In a recent lecture for the National Centre for Biological Sciences, musician T M Krishna spoke about the challenging journey of an artist in search of his own voice. If one has grown up surrounded by a homogeneous world, as Krishna was, one is conditioned to construct notions of the ideal voice as defined by and within that world. One imagines one’s own voice as belonging in this world, and internalises aspirations towards this constructed ideal. Referring to the need for the artist to engage in dialogue with voices and cultures different from his own, Krishna said “ listening and receiving are the foundations for discovering one’s own voice”.
When one comes out of the insular world one had been inhabiting, engages with different constructs of the ‘good’ voice, allowing oneself to be vulnerable, by truly listening and receiving these different ideals, one’s mind opens up, and a new, often subtle, shift happens in one’s own voice. The shift may be really subtle, almost imperceptible, even to oneself, but the road to discovering one’s own voice has opened up. One realises that it was never about mastering the form that one grew up revering. Discovering one’s true voice, not echoing someone else’s, makes the form come alive in one’s practice.
In the Sound and Movement Transformation game (Finding your voice Part I), everyone has a chance to experience vulnerability, to make themselves uncomfortable, and come out of it. It’s just a game, so no harm done. But the potential to learn something valuable is there.
There are lessons here for me as a facilitator. When I started in 2011 as a new Theatre of the Oppressed practitioner, the form excited me, and I was eager to start work. I began by imitating my teacher, in everything from how to create a safe space, instructions for games and exercises, debriefs, and even how I sequenced the different activities.
As I started to feel more confident about the form, I began to ‘see’ my groups more sharply, felt a need to change a few things in my facilitation. Sometimes it was just a word in the instructions. Believe me, it was not such an easy decision, because I felt every word was sacred! But my 25 years of classroom experience began to kick in here. I connected with groups effortlessly, I enjoyed working with people. And I allowed my intuition to guide me about the changes I wished to make. I shared stories from my life, I experimented with different ways of introducing the theory of Theatre of the Oppressed, and grounding it in local context. I also experimented with different ways of responding to the oft repeated question : Do we have to use the word “Oppressed”? It is so unpleasant. My groundedness in the form felt firm, and allowed me much moving room.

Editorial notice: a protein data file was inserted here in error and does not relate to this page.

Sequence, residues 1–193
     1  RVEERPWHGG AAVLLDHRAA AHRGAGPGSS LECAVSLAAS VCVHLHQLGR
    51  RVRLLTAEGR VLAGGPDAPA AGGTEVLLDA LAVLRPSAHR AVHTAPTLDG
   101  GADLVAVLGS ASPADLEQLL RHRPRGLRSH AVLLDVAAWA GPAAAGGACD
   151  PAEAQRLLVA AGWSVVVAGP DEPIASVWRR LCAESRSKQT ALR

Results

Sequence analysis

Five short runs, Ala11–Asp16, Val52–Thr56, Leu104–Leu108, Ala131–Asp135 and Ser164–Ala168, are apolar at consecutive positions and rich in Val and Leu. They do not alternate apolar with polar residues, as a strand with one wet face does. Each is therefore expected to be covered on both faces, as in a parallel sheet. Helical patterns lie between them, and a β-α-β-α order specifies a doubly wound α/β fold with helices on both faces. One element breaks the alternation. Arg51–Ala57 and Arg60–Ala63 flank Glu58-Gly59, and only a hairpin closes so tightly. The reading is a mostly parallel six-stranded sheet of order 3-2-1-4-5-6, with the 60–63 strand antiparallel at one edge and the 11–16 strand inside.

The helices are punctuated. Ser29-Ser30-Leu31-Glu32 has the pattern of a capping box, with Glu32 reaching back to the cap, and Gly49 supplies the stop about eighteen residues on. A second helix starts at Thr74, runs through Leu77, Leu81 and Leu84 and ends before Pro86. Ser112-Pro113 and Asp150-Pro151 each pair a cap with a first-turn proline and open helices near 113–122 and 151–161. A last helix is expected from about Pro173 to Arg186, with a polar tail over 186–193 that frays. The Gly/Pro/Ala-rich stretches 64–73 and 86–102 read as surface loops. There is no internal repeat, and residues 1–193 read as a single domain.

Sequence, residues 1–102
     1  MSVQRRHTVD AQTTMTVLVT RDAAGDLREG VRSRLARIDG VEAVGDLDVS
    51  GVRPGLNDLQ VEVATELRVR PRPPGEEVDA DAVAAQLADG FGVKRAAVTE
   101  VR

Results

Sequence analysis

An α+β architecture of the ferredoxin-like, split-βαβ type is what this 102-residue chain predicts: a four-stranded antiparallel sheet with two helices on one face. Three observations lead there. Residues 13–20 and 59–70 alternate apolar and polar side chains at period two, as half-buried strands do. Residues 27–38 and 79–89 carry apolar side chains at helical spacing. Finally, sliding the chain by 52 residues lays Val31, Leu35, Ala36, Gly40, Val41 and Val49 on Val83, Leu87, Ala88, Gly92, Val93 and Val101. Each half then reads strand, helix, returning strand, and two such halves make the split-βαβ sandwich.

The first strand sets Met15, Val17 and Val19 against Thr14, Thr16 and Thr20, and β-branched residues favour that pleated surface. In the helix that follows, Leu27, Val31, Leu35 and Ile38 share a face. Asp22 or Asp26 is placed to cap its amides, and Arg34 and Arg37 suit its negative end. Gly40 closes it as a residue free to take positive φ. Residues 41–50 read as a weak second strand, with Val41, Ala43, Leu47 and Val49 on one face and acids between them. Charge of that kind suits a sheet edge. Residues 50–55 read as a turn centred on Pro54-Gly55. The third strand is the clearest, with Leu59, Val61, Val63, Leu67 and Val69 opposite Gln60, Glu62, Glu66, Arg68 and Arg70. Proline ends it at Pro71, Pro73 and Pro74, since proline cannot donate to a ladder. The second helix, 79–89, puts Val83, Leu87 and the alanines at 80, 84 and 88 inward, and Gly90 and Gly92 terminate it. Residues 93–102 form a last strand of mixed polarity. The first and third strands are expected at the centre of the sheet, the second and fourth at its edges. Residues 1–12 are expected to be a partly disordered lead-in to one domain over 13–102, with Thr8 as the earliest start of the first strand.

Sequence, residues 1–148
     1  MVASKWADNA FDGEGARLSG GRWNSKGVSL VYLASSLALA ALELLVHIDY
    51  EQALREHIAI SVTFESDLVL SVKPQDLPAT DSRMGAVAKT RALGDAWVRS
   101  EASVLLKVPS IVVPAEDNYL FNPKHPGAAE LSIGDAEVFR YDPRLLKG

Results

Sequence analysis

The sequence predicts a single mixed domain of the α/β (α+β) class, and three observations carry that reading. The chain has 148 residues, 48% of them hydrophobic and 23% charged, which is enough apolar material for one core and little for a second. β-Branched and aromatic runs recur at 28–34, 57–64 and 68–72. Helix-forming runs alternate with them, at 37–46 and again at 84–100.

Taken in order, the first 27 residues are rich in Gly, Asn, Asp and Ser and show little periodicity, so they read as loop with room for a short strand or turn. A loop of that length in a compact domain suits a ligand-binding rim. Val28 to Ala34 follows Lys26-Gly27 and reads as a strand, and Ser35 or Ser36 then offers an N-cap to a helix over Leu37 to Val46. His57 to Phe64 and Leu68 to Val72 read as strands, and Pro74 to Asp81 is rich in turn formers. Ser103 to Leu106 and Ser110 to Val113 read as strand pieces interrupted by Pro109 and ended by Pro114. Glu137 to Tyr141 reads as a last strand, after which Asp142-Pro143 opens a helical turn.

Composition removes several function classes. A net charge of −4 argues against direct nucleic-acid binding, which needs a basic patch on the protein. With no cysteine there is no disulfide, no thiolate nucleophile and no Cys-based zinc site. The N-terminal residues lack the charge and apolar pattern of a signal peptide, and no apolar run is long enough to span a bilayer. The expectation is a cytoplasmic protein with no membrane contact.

I now began to feel a strong desire to understand the form from other perspectives. So I read, attended a Pedagogy and Theatre of the Oppressed Conference, experiencing other Theatre of the Oppressed facilitators. I spent a week at Jana Sanskriti, attending their forum festival in the villages, and closely watching what the non Indian participants took away from the experience, comparing it with my own. When I was invited to lead workshops in the US, I closely watched my facilitation in an alien cultural context. I made copious notes, before, during and after every workshop that I led. And I talked. I discussed my experiences with close friends and colleagues, shared my thoughts, my feelings of inspiration, excitement, anxiety and doubt.
In 2016, when we decided to invite David Diamond to hold workshops for us in India, it seemed like the obvious thing to do, a logical extension of this journey of exploring different perspectives on Theatre of the Oppressed. Theatre for Living was a deliberate movement away some of the central principles of Theatre of the Oppressed. I had to find out what Theatre for Living was, and experience the difference for myself. David called this invitation a “very brave thing to do”. Looking back, I can see that I challenged myself in a big way. The month long immersion in Theatre for Living pushed me to make a choice. Making my choice, and articulating my reasons for it, I realised that my engagement with Theatre for Living had enriched my practice deeply, and also helped me find my true voice.
That was in 2017. I have continued my quest for different voices, and for my own.